Mikoshi Festival

In this memory, I am five years old. There are many festivals in the neighbourhood of our community of tiny half-dilapidated apartments since this is one of the older part of town. The local shop owners in the area organize a number of different festivals in summer to entertain the residents.

Many of them take place in the night, but there is one that is designed for children and happens during the day. It is called a mikoshi festival where the local children together carry a wooden box – mikoshi -that is supposed to hold gods inside and walk around the neighbourhood.

Last year, it was just me from my family, but this year, my little brother is also participating. On the day of the festival, my mother helps us wear the blue festival vests and put twisted towels on our heads. I love this festival outfit. It makes me look cool. My little brother is also excited. But his reason is different. He is happy because he feels like a big boy to be able to participate in the festival with me and other older kids.

Once ready, we all go out to meet up with others from the community. Parents stay on the side while all the children gather around the mikoshi, then following the instruction of the festival host, carry it together as a team. The festival begins!

“Wasshoi! Wasshoi!”

We all chant as we start walking down the street.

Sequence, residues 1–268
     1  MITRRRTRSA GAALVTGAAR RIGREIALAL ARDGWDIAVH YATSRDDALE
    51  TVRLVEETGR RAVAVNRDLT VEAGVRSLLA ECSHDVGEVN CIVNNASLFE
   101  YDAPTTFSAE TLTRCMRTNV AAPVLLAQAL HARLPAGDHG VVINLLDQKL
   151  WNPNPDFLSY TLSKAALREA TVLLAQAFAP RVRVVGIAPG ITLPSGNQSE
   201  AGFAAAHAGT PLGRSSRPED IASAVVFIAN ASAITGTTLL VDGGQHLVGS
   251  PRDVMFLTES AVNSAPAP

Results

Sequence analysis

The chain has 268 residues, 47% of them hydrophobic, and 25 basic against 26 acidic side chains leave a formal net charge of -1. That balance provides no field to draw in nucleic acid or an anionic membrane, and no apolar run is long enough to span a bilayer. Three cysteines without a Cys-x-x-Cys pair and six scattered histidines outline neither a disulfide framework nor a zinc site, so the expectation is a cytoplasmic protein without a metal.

“Wasshoi! Wasshoi!”

I walk with my two best friends, and my brother follows in the back with other little kids.

After a while, we come to the end of the street, steaming under the blazing sun.

The festival host comes around and claps his hands telling everyone how well we have done the walk. Now it is time for a treat. Adults walk between us, giving out cans of cold juice in our hands. We all wait for our turns impatiently. As soon as I get mine in my hands, I open the can and take a sip. The touch of the cold drink on my throat is so refreshing that I feel all the walk has worth it even just for this treat.

Later, when we are back home, my brother and I are still intoxicated by the festival magic, talking eagerly about the day. In an attempt to calm us down, my mother tells us to wait for the next year.

“You’ll do it again next year, Sweeties!”

I know this is just her tactic to calm us down. But her words make my brother’s smile even bigger.

“We’ll do it again next year!”

He says again and again, showing off everybody his festival costume until my mother finally takes it off.